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7 thoughts on “South Carolina 'Fertile Pit Bull' Bill is Back with Lower Fees and Support from Animal Shelters Across the State

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  1. The bargain-basement fee of $25 is still not going to be palatable to owners of nonintact pits to register them. I don’t think this will even be paid by the “higher-end breeders” (I can’t believe I just said that.) -the ones being bred and used for show or special training. When pits are brought into the shelter, I would wager that the majority of the time they are brought by their owners who will claim they are strays to have no responsibility or brought in by people where the pit was dumped in their neighborhood. Anyone who is breeding these dogs knows there are some they are going to dump at the shelter. The last thing they want is any legitimate government documentation on them. It makes it harder to dump them on the taxpayer and claim it was a stray. It also helps draw a B-line of ownership when all hell breaks loose and there is a mauling.

  2. All of this is because dangerous canines mostly injure other people, and only bite their owners a minority of the time. If it were the other way around, even evil people would not want to own dangerous canines anymore. Not to mention the huge mega bucks that are involved in the dangerous canine industry. Also, nice people don’t want to own dangerous animals, and people with dangerous personality disorder do want to own dangerous canines. In this world, big money defeats the truth.

  3. The fact that the pit bull dog is a subject of legislation in the government of South Carolina is great progress even with this small fee for fertile dogs. What other breed of dog is being discussed as a problem dog breed in South Carolina’s government?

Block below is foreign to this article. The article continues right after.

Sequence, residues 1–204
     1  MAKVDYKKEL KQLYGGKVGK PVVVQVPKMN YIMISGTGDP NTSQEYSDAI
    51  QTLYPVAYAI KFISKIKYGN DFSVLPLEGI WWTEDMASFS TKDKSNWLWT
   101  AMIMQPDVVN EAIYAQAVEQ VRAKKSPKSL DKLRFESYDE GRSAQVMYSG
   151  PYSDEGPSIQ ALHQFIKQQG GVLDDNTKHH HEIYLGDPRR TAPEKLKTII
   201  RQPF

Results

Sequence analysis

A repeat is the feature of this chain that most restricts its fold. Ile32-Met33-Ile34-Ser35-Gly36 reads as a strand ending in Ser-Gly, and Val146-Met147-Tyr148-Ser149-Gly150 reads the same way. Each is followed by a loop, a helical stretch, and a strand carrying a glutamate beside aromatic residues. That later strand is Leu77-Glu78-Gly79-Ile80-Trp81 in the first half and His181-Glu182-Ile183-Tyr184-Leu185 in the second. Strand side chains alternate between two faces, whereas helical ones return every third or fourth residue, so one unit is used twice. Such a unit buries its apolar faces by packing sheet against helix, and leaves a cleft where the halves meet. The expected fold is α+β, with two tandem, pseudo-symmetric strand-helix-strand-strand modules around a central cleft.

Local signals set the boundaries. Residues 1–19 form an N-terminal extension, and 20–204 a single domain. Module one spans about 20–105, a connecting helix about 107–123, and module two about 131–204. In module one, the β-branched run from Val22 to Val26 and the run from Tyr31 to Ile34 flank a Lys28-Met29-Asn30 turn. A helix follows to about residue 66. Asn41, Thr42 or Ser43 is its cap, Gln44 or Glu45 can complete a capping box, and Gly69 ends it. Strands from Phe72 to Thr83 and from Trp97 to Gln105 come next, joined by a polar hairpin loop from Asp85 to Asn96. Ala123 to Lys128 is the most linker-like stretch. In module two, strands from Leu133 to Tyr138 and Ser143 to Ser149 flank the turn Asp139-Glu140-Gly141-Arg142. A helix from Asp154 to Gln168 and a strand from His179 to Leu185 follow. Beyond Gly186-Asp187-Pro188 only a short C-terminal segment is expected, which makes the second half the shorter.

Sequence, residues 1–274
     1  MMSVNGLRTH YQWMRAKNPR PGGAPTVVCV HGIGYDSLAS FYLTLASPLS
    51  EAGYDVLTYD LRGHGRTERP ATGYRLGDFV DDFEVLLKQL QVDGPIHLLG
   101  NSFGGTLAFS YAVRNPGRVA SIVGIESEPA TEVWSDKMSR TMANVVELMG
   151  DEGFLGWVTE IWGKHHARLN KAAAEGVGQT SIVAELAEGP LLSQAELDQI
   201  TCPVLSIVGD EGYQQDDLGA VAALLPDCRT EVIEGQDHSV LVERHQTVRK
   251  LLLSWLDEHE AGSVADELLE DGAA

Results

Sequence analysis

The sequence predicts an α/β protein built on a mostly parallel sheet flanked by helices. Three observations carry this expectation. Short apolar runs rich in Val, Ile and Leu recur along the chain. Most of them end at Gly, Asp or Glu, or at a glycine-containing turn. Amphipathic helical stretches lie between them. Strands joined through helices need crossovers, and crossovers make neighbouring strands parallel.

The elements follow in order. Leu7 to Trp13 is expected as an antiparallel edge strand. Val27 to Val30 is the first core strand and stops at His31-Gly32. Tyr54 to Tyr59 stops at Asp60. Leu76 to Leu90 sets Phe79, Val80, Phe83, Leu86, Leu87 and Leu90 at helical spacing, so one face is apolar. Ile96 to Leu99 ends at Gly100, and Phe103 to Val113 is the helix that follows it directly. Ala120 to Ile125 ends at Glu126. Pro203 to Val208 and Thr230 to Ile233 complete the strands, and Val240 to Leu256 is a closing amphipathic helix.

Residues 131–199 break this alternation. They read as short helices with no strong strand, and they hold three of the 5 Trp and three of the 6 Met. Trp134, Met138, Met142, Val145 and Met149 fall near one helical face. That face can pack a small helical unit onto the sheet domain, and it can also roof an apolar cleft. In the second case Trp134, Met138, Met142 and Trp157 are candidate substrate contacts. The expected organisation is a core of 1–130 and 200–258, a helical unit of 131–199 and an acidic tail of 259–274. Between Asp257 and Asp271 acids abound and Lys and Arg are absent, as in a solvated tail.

Their neighbor to the north, North Carolina, is recognized as the number 1 center of dogfighting in the United States. In 2008, author and pit bull breeder Ed Faron known as The Godfather of dogfighting and owner of Wildside Kennels was indicted and pleaded guilty to felony dogfighting. He was sentenced to 8 months. And who was standing by to rescue the 127 dogs discovered? Ledy VanKavage and the Human Society of the US. This is documented here at DBO. So having discussions about the pit bull problem in the legislature is always progress when they are recognized as an issue which needs solutions. It is something heading in the right direction.
    Than-you again for your vigilance in reporting on this public health crisis. When I googled “the number one authority on pit bulls in the US” today the first search result was Great work as usual!

  4. It’s a step in the right direction, so I really hope it passes. Too bad they made an exemption for hunting dogs. Ironic that it’s called “Jayce’s Law” and contains that hunting dog exemption when, according to claims made by the child’s family, the dog which killed Jayce was abandoned hunting dog. They probably knew how much harder it would be to pass if the massive amount of hunters in SC weren’t accommodated.

  5. Why is it that the most dangerous and unwanted dog that is clogging up shelters all over the country is the one least neutered? It is so odd to me that there isn’t already a law that mandates sterilizing pits.

  6. Just when I thought my opinion of Tammy Duckworth couldn’t get any lower. I am not surprised she is a pit pusher.

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